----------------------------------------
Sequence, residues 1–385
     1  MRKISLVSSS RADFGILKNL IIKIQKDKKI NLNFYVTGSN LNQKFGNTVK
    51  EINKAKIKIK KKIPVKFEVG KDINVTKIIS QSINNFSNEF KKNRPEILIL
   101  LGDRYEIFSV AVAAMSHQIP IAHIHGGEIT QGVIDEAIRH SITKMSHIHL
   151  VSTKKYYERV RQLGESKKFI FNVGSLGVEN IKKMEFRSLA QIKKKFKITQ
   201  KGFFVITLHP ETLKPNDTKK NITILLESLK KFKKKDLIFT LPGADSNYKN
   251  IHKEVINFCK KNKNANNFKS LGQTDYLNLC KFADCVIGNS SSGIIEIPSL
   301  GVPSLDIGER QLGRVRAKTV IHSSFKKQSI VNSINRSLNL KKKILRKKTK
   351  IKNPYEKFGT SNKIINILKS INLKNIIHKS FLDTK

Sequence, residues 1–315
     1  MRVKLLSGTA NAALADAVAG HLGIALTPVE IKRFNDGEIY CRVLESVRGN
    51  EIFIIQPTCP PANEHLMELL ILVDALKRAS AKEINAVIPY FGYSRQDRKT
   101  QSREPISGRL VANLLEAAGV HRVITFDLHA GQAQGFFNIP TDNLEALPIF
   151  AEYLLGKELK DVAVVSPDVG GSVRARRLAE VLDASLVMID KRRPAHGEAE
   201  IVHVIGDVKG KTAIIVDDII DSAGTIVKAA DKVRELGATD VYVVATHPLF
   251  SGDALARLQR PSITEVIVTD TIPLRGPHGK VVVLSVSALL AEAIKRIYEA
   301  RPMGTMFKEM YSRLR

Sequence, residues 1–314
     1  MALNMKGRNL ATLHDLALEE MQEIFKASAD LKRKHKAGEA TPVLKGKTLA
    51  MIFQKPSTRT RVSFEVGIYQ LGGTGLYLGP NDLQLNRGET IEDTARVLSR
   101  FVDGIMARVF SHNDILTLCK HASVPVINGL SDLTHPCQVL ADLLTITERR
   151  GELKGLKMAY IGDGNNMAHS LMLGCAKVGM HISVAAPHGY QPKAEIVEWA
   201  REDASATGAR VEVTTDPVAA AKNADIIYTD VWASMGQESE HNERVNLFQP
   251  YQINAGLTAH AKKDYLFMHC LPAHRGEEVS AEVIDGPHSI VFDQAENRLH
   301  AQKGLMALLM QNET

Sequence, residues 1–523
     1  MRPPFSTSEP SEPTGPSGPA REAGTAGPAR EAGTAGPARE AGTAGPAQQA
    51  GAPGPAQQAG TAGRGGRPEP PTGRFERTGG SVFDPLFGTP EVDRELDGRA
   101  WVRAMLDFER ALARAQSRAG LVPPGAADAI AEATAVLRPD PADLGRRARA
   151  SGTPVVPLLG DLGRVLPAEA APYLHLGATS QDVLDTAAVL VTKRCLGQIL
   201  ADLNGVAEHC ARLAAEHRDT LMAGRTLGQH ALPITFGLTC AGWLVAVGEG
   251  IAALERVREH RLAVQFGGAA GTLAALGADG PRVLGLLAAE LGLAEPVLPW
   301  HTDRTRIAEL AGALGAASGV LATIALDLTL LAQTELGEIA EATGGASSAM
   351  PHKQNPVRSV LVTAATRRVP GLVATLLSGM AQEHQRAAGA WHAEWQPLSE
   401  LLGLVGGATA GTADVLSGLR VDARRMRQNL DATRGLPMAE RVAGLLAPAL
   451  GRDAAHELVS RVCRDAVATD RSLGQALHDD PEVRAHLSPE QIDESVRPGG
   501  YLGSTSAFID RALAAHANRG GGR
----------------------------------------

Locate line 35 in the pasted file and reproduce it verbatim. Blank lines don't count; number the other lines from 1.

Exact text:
   401  LLGLVGGATA GTADVLSGLR VDARRMRQNL DATRGLPMAE RVAGLLAPAL